Rescue Dawn has been tagged by some as Herzog’s first “Hollywood” movie — a vague distinction owing mostly to the fact that, among Herzog’s English-language films, this is the first to be made with a majority of American financing and a predominately American cast (though Bale himself is Welsh). To an extent, the shoe fits: The movie’s early scenes of joshing soldierly camaraderie, set on a naval aircraft carrier in the Gulf of Tonkin, suggest a period prequel to Top Gun, complete with the obligatory scene of cocky cadets paying no heed to a hopelessly square jungle-survival film, sure that they’ll never need to know any of that stuff. But once Dengler crashes behind enemy lines, Rescue Dawn becomes something else entirely — an intensely physical, distinctly Herzog-ian chronicle of one man’s battle against nature, hostile combatants and, finally, himself. Tossed into a thatched-hut gulag alongside a downed U.S. helicopter pilot (Steve Zahn) and a spaced-out “Air America” pilot (Jeremy Davies, seemingly channeling Charles Manson), Dengler plots and executes an escape that rivals, in its sure-footed methodicalness, that of the jailed French Resistance lieutenant in the greatest of all prison-break movies: Robert Bresson’s A Man Escaped.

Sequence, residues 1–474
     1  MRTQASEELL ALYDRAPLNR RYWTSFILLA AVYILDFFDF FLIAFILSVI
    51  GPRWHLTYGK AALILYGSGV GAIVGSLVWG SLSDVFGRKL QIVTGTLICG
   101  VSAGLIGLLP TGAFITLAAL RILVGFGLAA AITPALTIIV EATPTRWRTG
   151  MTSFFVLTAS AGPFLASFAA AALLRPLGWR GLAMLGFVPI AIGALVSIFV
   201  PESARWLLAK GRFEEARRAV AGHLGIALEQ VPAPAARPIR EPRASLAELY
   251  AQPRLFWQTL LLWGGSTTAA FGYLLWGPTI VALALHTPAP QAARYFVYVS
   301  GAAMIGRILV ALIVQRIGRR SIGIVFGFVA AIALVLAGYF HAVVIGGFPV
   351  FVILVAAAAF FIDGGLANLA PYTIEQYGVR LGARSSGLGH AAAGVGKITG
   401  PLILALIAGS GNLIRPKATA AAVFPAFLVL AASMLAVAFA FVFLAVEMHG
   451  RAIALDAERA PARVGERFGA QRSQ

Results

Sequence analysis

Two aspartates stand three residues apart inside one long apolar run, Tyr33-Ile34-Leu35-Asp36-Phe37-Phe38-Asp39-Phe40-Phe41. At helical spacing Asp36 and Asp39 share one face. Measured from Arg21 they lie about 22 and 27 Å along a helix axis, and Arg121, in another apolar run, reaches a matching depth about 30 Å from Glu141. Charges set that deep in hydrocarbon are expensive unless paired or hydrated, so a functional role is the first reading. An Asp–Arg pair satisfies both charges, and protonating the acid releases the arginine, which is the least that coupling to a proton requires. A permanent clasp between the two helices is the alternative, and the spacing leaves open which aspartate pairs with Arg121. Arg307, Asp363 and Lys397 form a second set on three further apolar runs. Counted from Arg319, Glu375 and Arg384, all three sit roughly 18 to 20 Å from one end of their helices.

That most Conradian of contemporary filmmakers — even if one can never be sure whether he is more Marlow or Kurtz — Herzog has long been drawn to lives Olympian and Pyrrhic (if both at once, all the better) and to film projects destined to panic insurers and inspire documentaries about their tumultuous making. In particular, the jungle calls to him across continents and decades, and the one in Rescue Dawn exudes a particular rapture — it shimmers with the most intense green hue and hums a hypnotic symphony of chirps and hisses and shapeless figures heard but not seen beneath the dense brush. When Dengler moves through the terrain, the palm fronds and blades of grass aren’t merely part of the scenery — they’re living, present things interacting with this human intruder, and Herzog and his cameraman, Peter Zeitlinger, have lit and shot everything so that you’re aware at every turn of Bale, the other actors and the crew pressing on through inhospitable conditions — no special effects about it.